Calculate all the expenses it takes to create the product and what your selling price will be. To get the gross profit margin, follow this formula: (Net Sales – Cost of Goods Sold) ÷ Net Sales.

Research your suppliers and the process it will take to develop your product. Is your supplier or manufacturer a partner you can trust? Are they willing to grow with you? In order to maintain consistent quality and product recognition, it’s important to pick the right partners from the start.

Create Some Buzz

When you are getting ready to launch your product, you can use this time to develop and nurture your future customers. Creating a fun anticipation and excitement will help jump start momentum, increase your brand reach, and get you started on the right track.

A critical tool to use is the Innovation (or Technology) Adoption Lifecycle (originally known as Roger’s Bell Curve).

When launching a new product, it’s important to target the Early Adopters, which make up 13.5% of the curve. They would most likely fall into the Super Fans category. They are first to take the risk of purchasing a new product. They get excited and want to be the first to spread the word.

If you want to minimize your risk, you can do a pre-launch or limited release open to these early adopters. Tell them it’s available for just a limited time, or that availabilities are in short supply and they have to sign up now to give it a try. This makes it possible to test the product in the market and measure its success.

Once your Early Adopters are satisfied with your product, turn them into your Super Fans. Gain testimonials, encourage word of mouth, find out why they chose your product. You can use this material and strategy to reach the Early Majority which is 34% of your customers. These buyers want “influencers” to test things out first and spread the word before they take the plunge themselves. From there, you can target the rest of the curve.

The idea is to motivate your early customers to get passionate about your product, just like Henry Alexander Jr. did for the Model T in the UK. Utilize the “fear of missing out” and make it seem impossible to not give your product a shot. Find ways to get other people excited.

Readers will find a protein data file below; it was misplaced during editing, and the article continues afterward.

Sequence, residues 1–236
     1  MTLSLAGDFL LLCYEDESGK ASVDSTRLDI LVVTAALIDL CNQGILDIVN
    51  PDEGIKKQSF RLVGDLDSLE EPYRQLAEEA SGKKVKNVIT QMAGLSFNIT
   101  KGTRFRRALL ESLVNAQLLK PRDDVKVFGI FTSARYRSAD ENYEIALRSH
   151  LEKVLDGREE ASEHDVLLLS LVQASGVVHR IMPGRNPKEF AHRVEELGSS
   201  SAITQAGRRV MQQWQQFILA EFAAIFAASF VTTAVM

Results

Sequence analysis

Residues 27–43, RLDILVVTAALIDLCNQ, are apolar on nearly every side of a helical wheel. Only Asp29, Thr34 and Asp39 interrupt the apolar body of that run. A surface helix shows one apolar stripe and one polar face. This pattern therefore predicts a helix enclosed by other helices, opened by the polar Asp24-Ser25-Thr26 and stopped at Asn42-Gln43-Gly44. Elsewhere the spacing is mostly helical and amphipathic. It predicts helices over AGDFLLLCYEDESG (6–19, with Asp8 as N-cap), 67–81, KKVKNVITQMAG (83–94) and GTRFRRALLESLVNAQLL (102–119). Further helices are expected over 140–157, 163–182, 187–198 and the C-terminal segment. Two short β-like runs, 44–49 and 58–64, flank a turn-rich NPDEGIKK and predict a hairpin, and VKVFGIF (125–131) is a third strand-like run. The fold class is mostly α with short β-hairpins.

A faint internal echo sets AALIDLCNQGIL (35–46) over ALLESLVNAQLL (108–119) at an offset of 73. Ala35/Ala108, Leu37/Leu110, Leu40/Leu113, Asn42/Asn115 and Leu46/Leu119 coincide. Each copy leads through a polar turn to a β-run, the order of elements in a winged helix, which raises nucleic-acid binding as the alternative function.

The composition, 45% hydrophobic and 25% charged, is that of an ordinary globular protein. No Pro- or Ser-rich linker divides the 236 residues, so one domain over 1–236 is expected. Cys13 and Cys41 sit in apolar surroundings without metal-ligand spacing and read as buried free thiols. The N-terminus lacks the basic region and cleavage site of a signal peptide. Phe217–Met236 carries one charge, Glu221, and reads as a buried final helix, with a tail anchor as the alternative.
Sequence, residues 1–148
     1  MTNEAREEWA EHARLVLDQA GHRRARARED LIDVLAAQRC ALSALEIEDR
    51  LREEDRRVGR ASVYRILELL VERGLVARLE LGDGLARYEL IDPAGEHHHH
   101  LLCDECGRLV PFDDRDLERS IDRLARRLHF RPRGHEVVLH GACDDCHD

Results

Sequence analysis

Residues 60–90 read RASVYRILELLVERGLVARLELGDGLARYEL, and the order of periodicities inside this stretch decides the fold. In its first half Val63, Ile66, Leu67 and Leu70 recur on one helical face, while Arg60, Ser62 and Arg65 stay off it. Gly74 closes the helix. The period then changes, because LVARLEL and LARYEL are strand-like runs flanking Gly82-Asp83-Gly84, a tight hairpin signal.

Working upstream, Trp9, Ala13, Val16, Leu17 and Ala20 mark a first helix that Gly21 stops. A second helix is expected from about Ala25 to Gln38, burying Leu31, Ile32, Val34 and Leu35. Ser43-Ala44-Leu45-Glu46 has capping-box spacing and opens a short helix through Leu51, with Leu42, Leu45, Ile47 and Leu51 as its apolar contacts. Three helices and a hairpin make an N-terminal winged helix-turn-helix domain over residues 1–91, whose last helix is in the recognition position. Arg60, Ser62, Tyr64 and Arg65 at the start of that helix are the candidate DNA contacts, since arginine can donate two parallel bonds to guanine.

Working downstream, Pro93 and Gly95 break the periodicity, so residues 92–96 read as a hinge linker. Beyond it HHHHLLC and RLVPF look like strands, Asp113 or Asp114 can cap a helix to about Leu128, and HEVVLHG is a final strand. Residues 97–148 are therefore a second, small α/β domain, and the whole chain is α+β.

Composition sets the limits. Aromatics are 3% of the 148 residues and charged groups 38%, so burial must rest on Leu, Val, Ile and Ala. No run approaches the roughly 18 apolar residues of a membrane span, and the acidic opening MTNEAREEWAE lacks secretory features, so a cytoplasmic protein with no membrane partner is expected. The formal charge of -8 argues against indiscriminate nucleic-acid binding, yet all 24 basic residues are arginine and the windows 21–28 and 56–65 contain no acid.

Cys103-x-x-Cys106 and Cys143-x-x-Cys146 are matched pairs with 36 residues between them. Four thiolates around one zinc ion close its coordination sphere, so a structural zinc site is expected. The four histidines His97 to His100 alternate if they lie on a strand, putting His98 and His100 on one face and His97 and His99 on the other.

Make it Remarkable

In Seth Godin’s book, The Purple Cow, he describes a family road trip. They are driving away from the city and after a few hours begin to see some cows on the side of the road. They think it’s neat. The kids point at them. They snap a picture or two. But after driving for more hours, the continuous farmlands and cows begin to blend together. It doesn’t seem exciting anymore.

Then, all of a sudden, way in the back of a group of cows, your kid points out that she sees something purple. You squint your eyes to look further back. And then you see it. It’s a purple cow. Now that’s different. You swerve your car to the side of the road. You take pictures, but it’s too far, so you get closer. Then you wonder why it is purple. Does it make purple milk? Suddenly, this one cow stands out and grabs your total attention.

This is how a good product works. Customers are bombarded with marketing. After a while, they fade everything out. Only something that demands their attention, something out of the ordinary, something remarkable, will make them stop what they are doing and pay attention.

How can you make your product remarkable? It could be a feature, the packaging, or something as simple as a unique brand message. It could even be something so unordinary that everyone has to stop. Imagine if a real estate agent, instead of buying you a fruit basket at the closing of the house, got you two tickets to your favorite sports team. What are the chances you’ll recommend them to someone else? Be remarkable. Your customers will champion your brand.

Collect Feedback

For the entire lifecycle of your product, it’s important to create a system that collects and welcomes feedback. The world moves fast and if you aren’t keeping up with it, customers will forget about your business. Your product might be relevant today, but if it goes unchecked, it could be forgotten tomorrow.

Blackberry had 50% of the US smartphone market, peaking with 50 million sales by 2011. In 2017, it reached 0%. What happened? When the iPhone eliminated almost all buttons, Blackberry didn’t see them as real competition, believing that customers loved their trackball. Instead, they made a flip phone and doubled down on their design. In short, they didn’t listen, and the iPhone dominated the market in a few short years.

When you collect feedback, you can find areas to improve and plan for the future. With the right strategy, you can create a product that can last for many years to come.

We hope you enjoyed this guide to introducing your new product! Are you interested in finding out how your ideas will impact your business? With Profit Frog, you can test out your new products with a few clicks and see how it can affect your profit. Start your free trial today!